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MANILA, Philippines -  Sen. Leila de Lima called out the Duterte administration on Wednesday for being hypocritical in claiming to abhor everything about the illegal drug trade while bestowing favors on some of its key players.
De Lima cited an alleged confidential memorandum by Bureau of Corrections (BuCor) chief Benjamin de los Santos to Justice Secretary Vitaliano Aguirre II regarding the use of the penal facility of the Armed Forces of the Philippines (AFP) in detaining high profile inmates who implicated her in the drug trade.
The inmates currently housed at the AFP detention facility include Herbert Colanggo, a convicted armed robber turned drug dealer, who testified against De Lima during the hearings of the House of Representatives into the alleged proliferation of illegal drugs in the New Bilibid Prison (NBP).
The AFP confirmed certain privileges were given to inmates housed at its detention facility, citing unauthorized fixtures and equipment.
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A separate memorandum prepared by the BuCor’s legal office chief Alvin Lim for De los Santos tagged Aguirre as having given instructions to the Philippine National Police (PNP) and BuCor personnel assigned to guard the inmates to allow the entry of electronic gadgets, including cellphones, inside the facility.
The information was revealed by De Lima during a press briefing earlier this week.
Aguirre has denied this but ordered an immediate investigation into the claims and the confiscation and dismantling of whatever illegal fixtures and equipment are present at the AFP facility.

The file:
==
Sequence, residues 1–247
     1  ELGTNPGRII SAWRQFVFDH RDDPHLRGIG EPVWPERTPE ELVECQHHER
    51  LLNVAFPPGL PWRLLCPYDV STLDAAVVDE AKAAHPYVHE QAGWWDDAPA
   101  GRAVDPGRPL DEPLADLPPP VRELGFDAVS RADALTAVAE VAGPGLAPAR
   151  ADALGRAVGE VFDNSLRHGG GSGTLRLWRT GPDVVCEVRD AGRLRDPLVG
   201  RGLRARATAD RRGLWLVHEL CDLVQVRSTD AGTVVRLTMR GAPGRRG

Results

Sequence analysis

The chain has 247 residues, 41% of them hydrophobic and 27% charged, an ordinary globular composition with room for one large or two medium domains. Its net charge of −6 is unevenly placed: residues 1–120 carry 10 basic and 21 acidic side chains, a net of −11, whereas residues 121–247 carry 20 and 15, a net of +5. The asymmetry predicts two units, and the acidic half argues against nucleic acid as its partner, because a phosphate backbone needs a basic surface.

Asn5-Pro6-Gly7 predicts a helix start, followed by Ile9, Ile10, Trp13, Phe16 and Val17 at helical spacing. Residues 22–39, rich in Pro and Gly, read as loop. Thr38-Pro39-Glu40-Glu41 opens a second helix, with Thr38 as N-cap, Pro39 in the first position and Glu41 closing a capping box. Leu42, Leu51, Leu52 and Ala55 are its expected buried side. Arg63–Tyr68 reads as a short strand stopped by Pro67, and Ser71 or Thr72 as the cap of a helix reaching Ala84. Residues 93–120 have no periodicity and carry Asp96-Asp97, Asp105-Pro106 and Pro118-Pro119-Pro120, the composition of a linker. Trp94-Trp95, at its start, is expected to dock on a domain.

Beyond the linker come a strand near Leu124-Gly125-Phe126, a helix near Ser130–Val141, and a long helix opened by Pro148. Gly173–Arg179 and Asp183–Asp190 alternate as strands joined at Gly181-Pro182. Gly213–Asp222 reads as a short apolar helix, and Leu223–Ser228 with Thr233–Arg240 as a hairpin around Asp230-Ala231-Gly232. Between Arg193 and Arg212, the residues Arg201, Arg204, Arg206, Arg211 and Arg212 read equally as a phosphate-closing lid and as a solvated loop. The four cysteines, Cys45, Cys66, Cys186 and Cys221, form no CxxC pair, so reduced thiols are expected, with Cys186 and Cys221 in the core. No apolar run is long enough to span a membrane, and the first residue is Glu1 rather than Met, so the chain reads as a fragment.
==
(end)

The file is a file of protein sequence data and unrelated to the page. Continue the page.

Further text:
Aguirre described the allegations hurled by De Lima as hearsay.
“I absolutely and categorically deny the allegations made by Senator De Lima that I have ordered the restoration of the alleged ‘lavish’ lifestyles of the inmates who testified against her… The inmates being referred to are presently detained at the AFP Custodial and Detention Center in Camp Aguinaldo,” he said.
Aguirre countered her accusations by citing the lavish lifestyle of inmates when De Lima was DOJ secretary.
But Aguirre did not deny the contents of the supposed “confidential memorandum” that came from Lim.
When asked if he is implying that the confidential memorandum does not exist, Aguirre merely replied that the memorandum should have remained confidential and it would be investigated who had leaked it to the public.
In the memorandum, Aguirre reportedly gave instructions to allow the entry of gadgets for the inmates in return for the testimony they gave during the congressional inquiry.
A portion of the confidential memorandum states, “When pressed for comment, elements of both PNP and BuCor invoked that they are just following the express instruction of the Hon. Vitaliano N. Aguirre II to allow the entry of the above-enumerated gadgets in return for the testimony they have during the congressional inquiry on the proliferation of drugs inside the New Bilibid Prisons.”
Aguirre said Lim has already been suspended twice for grave misconduct for alleged unauthorized practice of law in Lucena.